Hosted and produced by Amber Taylor of the ACLU of Maryland, this monthly podcast will inform Marylanders about what's happening politically – from the courts to the streets – so you can get involved and realize a more equitable Maryland for all.
POCOMOKE CITY, MD – More than 1,100 Marylanders, including many from Worcester County and Pocomoke City on the Eastern Shore, have signed a petition being sent to Maryland State Prosecutor Emmet Davitt, urging him to end the State’s misguided prosecution of former Pocomoke Police Chief Kelvin Sewell. The petition drive builds on advocacy by a group of Pocomoke residents, community leaders, civil rights and police accountability advocates urging the State Prosecutor to move on to more pressing matters – like the disturbing police-involved death of Anton Black – and discontinue pursuit of Mr. Sewell.
“We are hopeful that the justice system will work in this case and the State will stop the unfair prosecution of Chief Sewell,” said Rev. Ronnie White of Citizens for a Better Pocomoke. “We’re hoping and praying that we’ll have our police chief back in Pocomoke."
Late last year, the Maryland Court of Special Appeals overturned the wrongful 2016 conviction of Mr. Sewell – the first Black police chief in Pocomoke City whose stand against racial harassment made him the target of retaliation from local white leaders. Following that ruling, the coalition sent a letter https://www.aclu-md.org/en/file/1923 sent to Davitt that highlights the opinion of Court of Special Appeals Judge Daniel Friedman cautioning that the evidence of wrongdoing against Sewell – related to his handling of a traffic accident where no one was hurt and the driver’s insurance paid for all damages – was so completely inadequate that the case should have been dismissed outright. Davitt acknowledged receipt of the letter in late December, but has yet to respond.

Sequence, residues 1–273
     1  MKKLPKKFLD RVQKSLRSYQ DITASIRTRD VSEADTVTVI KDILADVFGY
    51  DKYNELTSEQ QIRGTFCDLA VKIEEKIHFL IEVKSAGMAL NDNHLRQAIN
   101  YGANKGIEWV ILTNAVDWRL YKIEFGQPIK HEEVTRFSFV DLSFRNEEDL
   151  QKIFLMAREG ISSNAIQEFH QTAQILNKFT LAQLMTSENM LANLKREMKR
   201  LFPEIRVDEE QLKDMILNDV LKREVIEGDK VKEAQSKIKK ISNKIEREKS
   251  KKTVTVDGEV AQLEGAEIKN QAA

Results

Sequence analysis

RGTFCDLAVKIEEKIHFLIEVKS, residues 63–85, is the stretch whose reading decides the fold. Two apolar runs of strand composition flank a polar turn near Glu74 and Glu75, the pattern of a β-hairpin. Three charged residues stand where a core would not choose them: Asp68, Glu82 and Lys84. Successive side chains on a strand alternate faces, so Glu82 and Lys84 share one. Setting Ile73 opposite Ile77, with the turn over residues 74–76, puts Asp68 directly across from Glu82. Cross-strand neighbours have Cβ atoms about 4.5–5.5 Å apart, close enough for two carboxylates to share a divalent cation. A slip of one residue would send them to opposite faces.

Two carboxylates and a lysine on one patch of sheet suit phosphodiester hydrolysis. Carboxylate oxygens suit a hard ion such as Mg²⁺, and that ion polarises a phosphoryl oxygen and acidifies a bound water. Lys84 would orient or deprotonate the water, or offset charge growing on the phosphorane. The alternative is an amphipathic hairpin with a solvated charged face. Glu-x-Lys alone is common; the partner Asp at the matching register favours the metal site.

“During this month that we celebrate the birthday of Martin Luther King Jr, former Chief Kelvin Sewell’s case underscores that justice continues to be elusive for African Americans in the State of Maryland,” said Carl Snowden, convenor of the Caucus of African American Leaders. “It’s our hope that the special prosecutor will drop this case.”
The letter stresses continued strong support for Chief Sewell, particularly in Pocomoke’s Black community, and voices concern for how the State Prosecutor persists in characterizing Chief Sewell’s conduct in the worst light possible. It also shares insights from residents that the continued prosecution of Sewell has been destructive to race relations in the Pocomoke community, exacerbating preexisting racial tensions, and reigniting fears of law enforcement in the Black community that Sewell had worked effectively to overcome during his time as Chief.
Additionally, the letter urges the State Prosecutor to understand that Officers of Color often are not afforded the benefit of the doubt in their decisions, and make them vulnerable to retaliation, especially when those decisions could be construed as somehow favoring other People of Color in a highly-segregated small town like Pocomoke City, where almost all the elected leaders are white. That is why the United Black Police Officers Association and the Hispanic National Law Enforcement Association – who have sued the Prince George’s Police Department (PGPD) for discrimination and retaliation against Officers of Color who speak out against discrimination and corruption in the PGPD – joined the letter to Davitt.
“I have seen how Officers of Color like Chief Sewell are often not given the same benefit of the doubt in their decisions as white officers, especially when they have spoken out against racism,” said Joe Perez, president of the Hispanic Law Enforcement Officers’ Association. “It can seem like white police leaders are just waiting for a minority officer to misstep, ready to turn around the minute it happens and position that officer as the bad guy. That’s why we are taking a stand to support Chief Sewell.”